While it was cold outside I moved a bunch of items into our sun-room. It doesn’t have central heat so we rarely step foot in there in the wintertime. I began rotating his toys by moving a couple of things back onto the bookshelf and removing others so that he had new toys to play with every few days.
What I found is that my son’s interests change quickly. One week he is interested in blocks, the next he’d rather play with his toy kitchen or pretend to talk on the telephone. Some days he’ll pull out and complete all of the puzzles in the house and other days he won’t even look at them.
Even though he’s only eighteen months his interests are constantly changing. While I know children who play with the same toy day after day, my son becomes less interested the moment he masters one.
A few months after my son turned one I wrote about the financial lessons I learned from his first year. In that post I mentioned the importance of hand-me-downs. Six months later I now believe they are more valuable than ever. Ninety percent of the toys in our house were hand-me-downs, another 8% were gifts from friends and family and the remaining 2% were gifts from either my husband or myself.
I can’t imagine how much money we saved by accepting gently used items from friends and family. Many of the toys would’ve cost well over $20 to $25 new. It’s tough to buy a toy for that much money and than realize that your child will only play for it for a short period of time. At this age you never know what might interest a child. My son has played with toys for weeks that I never would have imagined he’d be interested in and ignored toys that I was sure he would love.
With hand-me-downs you don’t have to pay any money. (A win.) You don’t add any more trash to the landfill. (A win.) And if your child gets bored of a toy easily you simply pass it on to another child without feeling guilty. (A win.)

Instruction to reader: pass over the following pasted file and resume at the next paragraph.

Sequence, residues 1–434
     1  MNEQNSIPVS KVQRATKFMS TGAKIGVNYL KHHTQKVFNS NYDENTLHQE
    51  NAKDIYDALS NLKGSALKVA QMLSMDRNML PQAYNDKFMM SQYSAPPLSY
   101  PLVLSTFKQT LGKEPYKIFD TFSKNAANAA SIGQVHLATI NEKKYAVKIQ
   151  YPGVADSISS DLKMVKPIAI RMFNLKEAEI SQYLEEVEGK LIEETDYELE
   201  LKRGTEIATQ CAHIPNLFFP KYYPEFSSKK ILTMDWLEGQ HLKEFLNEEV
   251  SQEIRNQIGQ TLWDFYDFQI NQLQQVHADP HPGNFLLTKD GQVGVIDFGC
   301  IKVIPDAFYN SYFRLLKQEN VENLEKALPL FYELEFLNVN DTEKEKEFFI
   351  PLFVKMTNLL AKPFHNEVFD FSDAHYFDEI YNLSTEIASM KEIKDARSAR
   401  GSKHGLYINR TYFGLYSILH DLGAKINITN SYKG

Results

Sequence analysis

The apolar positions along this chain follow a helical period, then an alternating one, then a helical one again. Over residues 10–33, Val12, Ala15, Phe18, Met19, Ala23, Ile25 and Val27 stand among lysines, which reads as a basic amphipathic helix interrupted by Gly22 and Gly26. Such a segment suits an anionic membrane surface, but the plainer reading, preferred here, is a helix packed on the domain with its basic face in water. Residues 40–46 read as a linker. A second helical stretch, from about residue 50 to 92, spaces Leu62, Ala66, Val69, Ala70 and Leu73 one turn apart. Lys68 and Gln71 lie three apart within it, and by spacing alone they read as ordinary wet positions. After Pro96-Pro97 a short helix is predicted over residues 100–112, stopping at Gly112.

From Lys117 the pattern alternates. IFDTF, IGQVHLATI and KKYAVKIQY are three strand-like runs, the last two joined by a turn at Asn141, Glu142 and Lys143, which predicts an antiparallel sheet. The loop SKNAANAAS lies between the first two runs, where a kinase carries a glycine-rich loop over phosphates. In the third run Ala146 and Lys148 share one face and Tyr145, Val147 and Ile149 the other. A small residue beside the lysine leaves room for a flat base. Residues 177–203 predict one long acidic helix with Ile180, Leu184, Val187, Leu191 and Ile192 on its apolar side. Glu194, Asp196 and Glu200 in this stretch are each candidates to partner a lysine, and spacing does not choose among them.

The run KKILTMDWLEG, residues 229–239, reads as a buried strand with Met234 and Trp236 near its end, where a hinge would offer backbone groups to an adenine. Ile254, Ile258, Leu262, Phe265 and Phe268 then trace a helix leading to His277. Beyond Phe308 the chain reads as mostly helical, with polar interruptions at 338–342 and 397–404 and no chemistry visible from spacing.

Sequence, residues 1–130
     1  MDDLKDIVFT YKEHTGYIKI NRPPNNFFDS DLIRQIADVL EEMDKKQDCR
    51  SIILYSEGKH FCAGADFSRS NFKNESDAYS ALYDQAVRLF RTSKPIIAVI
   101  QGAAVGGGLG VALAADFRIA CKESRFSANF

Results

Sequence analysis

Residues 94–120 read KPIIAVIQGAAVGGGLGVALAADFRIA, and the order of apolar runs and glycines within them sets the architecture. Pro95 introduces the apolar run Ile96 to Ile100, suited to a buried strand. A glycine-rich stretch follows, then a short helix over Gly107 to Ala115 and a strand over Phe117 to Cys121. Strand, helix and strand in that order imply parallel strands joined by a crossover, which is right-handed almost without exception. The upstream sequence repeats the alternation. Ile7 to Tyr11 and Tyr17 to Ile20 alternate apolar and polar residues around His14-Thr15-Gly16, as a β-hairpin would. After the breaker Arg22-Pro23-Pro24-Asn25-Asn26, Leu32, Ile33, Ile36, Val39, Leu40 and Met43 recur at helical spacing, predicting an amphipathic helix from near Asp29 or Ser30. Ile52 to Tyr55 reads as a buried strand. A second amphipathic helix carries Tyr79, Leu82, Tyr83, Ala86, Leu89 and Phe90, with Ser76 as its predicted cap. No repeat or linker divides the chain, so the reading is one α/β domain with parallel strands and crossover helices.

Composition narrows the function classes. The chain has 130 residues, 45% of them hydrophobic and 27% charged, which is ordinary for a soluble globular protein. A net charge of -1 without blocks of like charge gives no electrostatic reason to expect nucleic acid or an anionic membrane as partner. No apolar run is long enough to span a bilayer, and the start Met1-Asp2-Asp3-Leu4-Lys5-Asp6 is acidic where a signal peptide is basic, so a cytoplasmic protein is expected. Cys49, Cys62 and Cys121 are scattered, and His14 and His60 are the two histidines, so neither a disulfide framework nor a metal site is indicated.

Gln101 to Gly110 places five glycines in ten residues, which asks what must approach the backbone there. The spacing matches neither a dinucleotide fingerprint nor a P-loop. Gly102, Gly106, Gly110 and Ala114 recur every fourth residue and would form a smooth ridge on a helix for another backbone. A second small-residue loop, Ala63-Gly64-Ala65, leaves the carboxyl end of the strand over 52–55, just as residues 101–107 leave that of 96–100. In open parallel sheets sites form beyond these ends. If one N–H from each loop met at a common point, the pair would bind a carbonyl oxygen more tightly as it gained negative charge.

If you do have someone in your life willing to hand down toys make sure you profusely thank them for their generosity. Send pictures of your child playing with the toys and if they provide you with a lot of stuff make sure consider giving them a small gift to show your appreciation.
Of course, not everyone is fortunate enough to have friends and family members with toys to pass on. If this isn’t an option for you try visiting local consignment shops, online auctions and co-ops for good deals. Remember that at this age your child doesn’t know that a toy isn’t shiny and new.
If you have friends and family who want to buy your child gifts tell them to consider buying used too. Remind them that children outgrow toys quickly at this age and that you’d rather have them save the money. Of course, if you can convince them to avoid toys and provide a monetary gift towards your child’s education or savings all the better.
If they do want to buy a gift try to encourage them to buy something other than stuffed animals. Unlike plastic toys that can be wiped down and disinfected stuffed animals are often difficult to launder. Once your child outgrows these it is difficult to pass them on to another child. This doesn’t mean children shouldn’t have any stuffed animals, but rather that you might want to keep the amount to a reasonable number. Once my son filled a small box I began asking close friends and family members not to buy him anymore.
Lastly remember that kids don’t always need or want to play with toys. Children often make toys and games out of the items around them. There are lots of every day items that can amuse them. My son has just as much fun with real pots and pans, toilet paper rolls and cups filled with water then he does with the mechanical toys that eventually bore him.